Rhythm and Resistance: Explorations in the Political Uses of Popular Music

Rhythm and Resistance: Explorations in the Political Uses of Popular Music

Rhythm and Resistance: Explorations in the Political Uses of Popular Music

Rhythm and Resistance: Explorations in the Political Uses of Popular Music

Synopsis

Beginning with the spirituals of the slaves and the gospel of the black church and continuing through the blues, jazz forms, country, folk, and rock, Rhythm and Resistance presents popular music as part of a continuing effort, over two centuries, to create community values and identity in the face of social transformations. The book refutes the idea that the use of popular music for expression by a "socially marginal" society is new. The author demonstrates that popular music as an expression of community identity is centuries old.

Excerpt

Rhythm and Resistance is an interpretive exploration of "political" uses of popular music from the era of slavery through the present. Many recent theorists of popular culture have stressed the way "marginality" has, in Stuart Hall's words, become "at last a productive space." This phenomenon is by no means "new," but extends back two centuries to the cultural creations of slaves--the black church, spirituals, work songs, field hollers--and then to the blues and gospel. All these forms are reflected in later jazz, blues, rhythm and blues, rock 'n' roll, rock, and rap. These earlier forms were taken up by whites and invested with new energies such that they appeared as virtually new, or "reinvented," forms but were really extensions of earlier forms.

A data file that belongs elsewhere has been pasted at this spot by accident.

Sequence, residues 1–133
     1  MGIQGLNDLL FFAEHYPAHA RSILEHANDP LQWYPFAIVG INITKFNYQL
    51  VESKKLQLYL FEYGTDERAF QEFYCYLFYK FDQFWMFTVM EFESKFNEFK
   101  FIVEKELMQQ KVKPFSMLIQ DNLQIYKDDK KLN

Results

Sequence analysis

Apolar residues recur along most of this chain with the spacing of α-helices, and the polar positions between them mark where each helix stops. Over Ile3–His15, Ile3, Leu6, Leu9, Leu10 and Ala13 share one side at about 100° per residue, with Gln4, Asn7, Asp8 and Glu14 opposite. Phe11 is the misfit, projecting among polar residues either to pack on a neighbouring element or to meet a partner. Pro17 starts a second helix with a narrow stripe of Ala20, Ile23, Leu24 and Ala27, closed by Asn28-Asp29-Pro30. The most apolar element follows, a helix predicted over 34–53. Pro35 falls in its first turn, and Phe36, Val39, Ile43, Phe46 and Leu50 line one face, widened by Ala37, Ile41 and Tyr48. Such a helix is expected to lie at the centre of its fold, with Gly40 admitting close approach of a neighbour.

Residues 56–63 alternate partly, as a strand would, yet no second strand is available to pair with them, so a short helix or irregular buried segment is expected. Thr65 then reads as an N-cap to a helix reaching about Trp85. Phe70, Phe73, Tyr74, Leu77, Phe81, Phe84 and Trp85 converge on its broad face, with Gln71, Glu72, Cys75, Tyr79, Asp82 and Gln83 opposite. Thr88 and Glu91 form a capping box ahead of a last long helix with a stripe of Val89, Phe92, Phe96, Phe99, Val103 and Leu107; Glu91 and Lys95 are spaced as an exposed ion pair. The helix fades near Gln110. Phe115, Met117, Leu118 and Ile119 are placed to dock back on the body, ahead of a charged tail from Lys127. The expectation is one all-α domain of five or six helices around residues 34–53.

This book conceives of popular or "people's" music as part of a continuing effort to create forms of community in response to social transformations--the trauma of modernization--that empty out all the "little worlds" (Marshall Berman's term) in which people live. Human existence is conceived as a quest for community or, more specifically, for "free spaces" and "utopias" to which popular culture is a manufactured response.

The human reality is conceived as a "contested" reality in which people struggle in what M. M. Bakhtin would call a "dialogic" process to create a satisfying existence out of the raw materials provided by "culture industries.

In this sense Rhythm and Resistance constitutes a fundamental critique of the approach (probably started by T. W. Adorno 1944 essay "The Culture Industry") that sees popular culture as imposed on an inert public.

The Springsteen phenomenon of the 1980s, for example, is examined at length because of that artist's effort to remind us of what we have lost and to reassert . . .

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